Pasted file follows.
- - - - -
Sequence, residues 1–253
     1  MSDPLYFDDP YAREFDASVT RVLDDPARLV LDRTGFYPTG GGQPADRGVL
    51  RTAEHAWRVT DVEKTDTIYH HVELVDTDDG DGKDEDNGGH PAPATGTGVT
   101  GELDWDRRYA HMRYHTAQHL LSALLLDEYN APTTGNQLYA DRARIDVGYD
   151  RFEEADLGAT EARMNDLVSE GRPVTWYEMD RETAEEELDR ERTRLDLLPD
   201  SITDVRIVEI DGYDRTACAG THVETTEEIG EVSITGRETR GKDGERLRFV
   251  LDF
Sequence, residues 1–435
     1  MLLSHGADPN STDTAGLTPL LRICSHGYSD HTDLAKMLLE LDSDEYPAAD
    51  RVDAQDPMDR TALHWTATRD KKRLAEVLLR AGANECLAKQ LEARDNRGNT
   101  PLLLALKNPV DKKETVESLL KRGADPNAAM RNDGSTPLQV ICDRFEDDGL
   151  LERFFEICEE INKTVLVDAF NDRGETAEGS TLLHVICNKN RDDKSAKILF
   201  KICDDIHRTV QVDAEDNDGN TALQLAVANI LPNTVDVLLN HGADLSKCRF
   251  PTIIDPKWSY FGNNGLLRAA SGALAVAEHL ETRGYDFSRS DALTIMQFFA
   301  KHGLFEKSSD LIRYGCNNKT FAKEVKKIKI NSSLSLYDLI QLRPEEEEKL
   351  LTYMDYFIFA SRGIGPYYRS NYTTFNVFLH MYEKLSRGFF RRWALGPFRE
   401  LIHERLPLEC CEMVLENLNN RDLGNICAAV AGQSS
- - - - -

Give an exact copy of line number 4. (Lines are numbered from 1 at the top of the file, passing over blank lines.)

   101  GELDWDRRYA HMRYHTAQHL LSALLLDEYN APTTGNQLYA DRARIDVGYD